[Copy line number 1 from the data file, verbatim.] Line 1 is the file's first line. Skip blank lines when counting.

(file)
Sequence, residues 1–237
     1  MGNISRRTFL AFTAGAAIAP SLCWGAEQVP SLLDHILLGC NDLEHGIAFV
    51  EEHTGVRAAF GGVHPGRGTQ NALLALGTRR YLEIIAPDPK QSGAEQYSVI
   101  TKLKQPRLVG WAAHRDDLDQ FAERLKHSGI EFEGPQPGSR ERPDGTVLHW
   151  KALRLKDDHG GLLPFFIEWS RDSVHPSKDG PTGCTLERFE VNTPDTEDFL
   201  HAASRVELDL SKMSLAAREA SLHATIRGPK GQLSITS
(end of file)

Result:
Sequence, residues 1–237